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  • Piracy, Identity, and Desire in Captain Singleton
  • Hans Turley (bio)

Daniel Defoe’s novel Captain Singleton (1720) is the most important of his pirate works and particularly significant in a history of the novel that emphasizes psychological realism and domestic subjectivity. 1 Usually ignored or dismissed in Defoe studies and histories of the novel, Captain Singleton portrays a fictional hero quite different from the title character of Robinson Crusoe (1719). 2 Captain Singleton seems difficult to pin down for twentieth-century readers precisely because depictions of transgressive sexuality have been ignored in Defoe criticism. The standard view of the novel as lacking realistic psychological development fails to take into account the unspoken desires of the central figure as they exist within the framework of piratical transgression; instead, criticism focuses on Singleton as homo economicus within Defoe’s metanarrative of trade and mercantilism. In such a reading the novel seems unfocused and contradictory; Robinson Crusoe is favored as a successful negotiation of the complex relations between the rise of capitalism and the rise of the psychological subject. 3 Arguably we can see Crusoe embodying the attributes of a middle-class hero in the first volume of Crusoe because he profits economically and spiritually from his twenty-seven years on the island. 4 If Crusoe is used as a model for a realistic character then Singleton is not realistic. His character—a heroic and successful pirate—corresponds neither to early eighteenth-century nor twentieth-century notions of heterocentric identity. Defoe treats Singleton’s illegitimate business—his piracy—with grudging respect; at the same time, he constructs for Singleton an affectionate and ultimately homoerotic relationship with Quaker William. [End Page 199] As a result, the hero discovers an alternative identity which, in turn, shows the restrictions of normative desire and domesticity. It is this merging of homo economicus —“Captain Singleton,” the successful pirate—and homo eroticus —the desiring subject represented by “Bob Singleton’s” affection for Quaker William—that allows an alternative reading of the novel.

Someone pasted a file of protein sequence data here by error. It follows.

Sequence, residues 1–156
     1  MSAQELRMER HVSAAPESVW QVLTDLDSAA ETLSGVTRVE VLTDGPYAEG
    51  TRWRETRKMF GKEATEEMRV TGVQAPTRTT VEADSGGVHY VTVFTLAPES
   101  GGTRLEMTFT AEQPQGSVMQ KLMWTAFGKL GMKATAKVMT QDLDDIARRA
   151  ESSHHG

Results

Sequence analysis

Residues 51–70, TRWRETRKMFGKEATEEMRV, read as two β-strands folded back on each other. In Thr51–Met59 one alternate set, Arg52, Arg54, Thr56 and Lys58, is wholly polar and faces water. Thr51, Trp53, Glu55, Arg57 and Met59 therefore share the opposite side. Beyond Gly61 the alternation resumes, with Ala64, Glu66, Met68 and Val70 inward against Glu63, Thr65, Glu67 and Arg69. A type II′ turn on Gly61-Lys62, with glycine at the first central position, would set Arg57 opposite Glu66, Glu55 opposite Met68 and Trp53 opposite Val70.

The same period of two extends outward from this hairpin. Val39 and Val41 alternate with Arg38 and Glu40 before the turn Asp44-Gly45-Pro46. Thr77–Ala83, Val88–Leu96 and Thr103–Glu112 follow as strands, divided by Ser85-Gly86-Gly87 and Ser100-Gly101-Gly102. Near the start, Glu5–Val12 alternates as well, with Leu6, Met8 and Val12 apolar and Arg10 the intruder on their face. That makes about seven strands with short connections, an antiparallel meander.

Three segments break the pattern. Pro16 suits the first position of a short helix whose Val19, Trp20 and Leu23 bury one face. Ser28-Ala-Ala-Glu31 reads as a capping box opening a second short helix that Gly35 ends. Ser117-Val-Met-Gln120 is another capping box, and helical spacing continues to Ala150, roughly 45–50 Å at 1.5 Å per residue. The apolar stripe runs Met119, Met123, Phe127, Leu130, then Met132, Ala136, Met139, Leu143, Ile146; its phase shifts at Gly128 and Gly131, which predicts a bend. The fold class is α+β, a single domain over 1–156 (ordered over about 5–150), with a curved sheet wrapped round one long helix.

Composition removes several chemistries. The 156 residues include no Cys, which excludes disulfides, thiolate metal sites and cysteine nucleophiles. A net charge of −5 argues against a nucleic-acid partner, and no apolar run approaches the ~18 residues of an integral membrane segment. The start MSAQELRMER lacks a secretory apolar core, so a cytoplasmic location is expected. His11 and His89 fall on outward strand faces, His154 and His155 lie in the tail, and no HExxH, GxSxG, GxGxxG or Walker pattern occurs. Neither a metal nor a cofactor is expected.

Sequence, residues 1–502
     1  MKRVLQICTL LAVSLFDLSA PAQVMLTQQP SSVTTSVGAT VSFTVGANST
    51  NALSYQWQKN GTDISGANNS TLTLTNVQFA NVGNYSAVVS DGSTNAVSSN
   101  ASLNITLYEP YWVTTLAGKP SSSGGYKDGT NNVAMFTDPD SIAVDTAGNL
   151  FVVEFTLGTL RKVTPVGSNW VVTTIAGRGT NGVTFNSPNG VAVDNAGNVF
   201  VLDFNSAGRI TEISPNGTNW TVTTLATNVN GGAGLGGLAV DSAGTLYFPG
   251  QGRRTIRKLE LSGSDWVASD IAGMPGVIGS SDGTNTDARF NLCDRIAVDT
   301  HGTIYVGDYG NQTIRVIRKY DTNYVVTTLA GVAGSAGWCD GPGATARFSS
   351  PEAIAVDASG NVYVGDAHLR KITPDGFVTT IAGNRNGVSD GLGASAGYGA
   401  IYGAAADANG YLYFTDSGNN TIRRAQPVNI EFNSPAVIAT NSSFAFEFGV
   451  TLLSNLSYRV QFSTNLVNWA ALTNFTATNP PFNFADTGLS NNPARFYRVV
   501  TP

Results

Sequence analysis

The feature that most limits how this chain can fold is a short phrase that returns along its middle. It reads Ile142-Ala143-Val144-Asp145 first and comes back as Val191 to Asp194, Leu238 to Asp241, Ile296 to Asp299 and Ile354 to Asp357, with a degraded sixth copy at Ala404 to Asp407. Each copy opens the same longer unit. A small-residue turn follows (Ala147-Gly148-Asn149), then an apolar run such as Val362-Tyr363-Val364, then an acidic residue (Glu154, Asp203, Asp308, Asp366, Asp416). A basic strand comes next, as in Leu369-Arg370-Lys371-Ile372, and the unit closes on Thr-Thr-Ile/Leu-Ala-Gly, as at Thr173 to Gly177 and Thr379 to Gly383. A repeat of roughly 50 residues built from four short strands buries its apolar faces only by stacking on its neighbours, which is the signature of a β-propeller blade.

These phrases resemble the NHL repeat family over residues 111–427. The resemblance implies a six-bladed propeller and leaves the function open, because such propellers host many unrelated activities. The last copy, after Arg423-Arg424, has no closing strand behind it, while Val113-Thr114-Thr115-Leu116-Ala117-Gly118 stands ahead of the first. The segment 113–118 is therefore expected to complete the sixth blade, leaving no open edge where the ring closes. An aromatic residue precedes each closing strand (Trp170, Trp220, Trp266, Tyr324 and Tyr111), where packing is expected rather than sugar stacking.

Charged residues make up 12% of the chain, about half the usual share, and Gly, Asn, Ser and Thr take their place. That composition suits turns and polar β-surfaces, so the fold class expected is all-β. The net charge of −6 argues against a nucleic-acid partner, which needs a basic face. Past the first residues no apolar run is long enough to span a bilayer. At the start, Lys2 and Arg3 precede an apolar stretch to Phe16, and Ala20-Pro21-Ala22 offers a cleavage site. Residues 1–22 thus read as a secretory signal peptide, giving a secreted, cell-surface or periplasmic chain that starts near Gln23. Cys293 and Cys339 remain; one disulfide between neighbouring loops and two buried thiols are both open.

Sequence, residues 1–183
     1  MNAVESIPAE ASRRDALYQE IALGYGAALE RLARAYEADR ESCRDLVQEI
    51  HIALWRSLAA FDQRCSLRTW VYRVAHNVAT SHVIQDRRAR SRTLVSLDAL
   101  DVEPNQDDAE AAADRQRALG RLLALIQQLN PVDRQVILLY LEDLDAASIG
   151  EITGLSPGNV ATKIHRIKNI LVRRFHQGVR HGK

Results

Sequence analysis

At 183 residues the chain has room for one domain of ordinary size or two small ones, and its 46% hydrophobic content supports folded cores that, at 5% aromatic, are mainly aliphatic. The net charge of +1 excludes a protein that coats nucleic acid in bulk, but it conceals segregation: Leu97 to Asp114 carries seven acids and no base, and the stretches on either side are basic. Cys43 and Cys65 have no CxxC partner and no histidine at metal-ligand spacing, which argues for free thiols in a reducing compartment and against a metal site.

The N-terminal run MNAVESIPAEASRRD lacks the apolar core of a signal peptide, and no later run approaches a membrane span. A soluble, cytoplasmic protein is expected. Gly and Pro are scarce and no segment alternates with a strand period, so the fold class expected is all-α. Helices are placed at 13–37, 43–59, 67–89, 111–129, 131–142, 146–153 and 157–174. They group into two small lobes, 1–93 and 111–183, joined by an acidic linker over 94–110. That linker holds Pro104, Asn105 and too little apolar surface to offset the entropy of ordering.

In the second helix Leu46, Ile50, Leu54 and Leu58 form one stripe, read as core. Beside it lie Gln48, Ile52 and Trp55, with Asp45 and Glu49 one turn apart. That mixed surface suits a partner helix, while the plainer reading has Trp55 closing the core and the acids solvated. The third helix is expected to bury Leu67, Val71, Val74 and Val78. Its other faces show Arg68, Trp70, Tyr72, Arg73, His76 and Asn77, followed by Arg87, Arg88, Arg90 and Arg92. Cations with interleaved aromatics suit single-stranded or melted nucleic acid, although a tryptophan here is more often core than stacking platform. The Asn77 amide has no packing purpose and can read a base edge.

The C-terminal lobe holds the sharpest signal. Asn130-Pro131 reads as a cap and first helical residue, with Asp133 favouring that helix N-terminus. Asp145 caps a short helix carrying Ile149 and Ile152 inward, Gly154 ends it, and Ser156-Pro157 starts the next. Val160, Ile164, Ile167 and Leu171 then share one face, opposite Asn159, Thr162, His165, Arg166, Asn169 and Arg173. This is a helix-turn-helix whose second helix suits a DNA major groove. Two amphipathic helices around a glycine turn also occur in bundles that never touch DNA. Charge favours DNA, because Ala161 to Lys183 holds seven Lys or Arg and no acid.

In this essay, I shall analyze the second half of Captain Singleton, generally overlooked in the criticism of the book. After I examine Singleton’s early career as a pirate, I shall pay careful attention to the relationship that builds between the title character and his companion Quaker William. The novel’s first half has received most of the critical attention in recent years because it can be seen as a precursor to such novels as Heart of Darkness and other colonial and post-colonial works. 5 This section of the novel is indeed important and I shall briefly discuss it. However, we need to consider Captain Singleton as a cohesive whole. By focusing on the second half of the novel, we can see how these two parts fit together. We shall see that Singleton’s journey across Africa, his return to England as a rich man, and finally his decision to “go on the account” or turn pirate all point toward the hero’s search for an identity. This search questions the terms for masculine sexual desire both in England and in the transgressive homosocial world of piracy.

Shortly after the novel opens, young Singleton and a group of sailors are marooned on Madagascar after they attempt a mutiny. They escape to the east coast of Africa, and Singleton relates an account of his journey across the vast, uncharted continent by boat and on foot. Nothing in the men’s journey suggests transgressive economic or cultural desire. Their wealth establishes the terms for their non-transgressive camaraderie: to reach civilization, to return to the conventional world. They are rewarded for their perseverance by the accumulation of gold and ivory, which they literally stumble over as they make their way west through jungles and across deserts. “I thought I had enough already,” the fabulously rich Singleton says just before he returns to England, “and all the Thoughts I had about disposing of it, if I came to Europe, was only how to spend it as fast as I could, buy me some Clothes, and go to Sea to be a Drudge for more” (132). For Singleton, wealth means nothing because he has nothing on which he desires...

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pp. 199-214
Launched on MUSE
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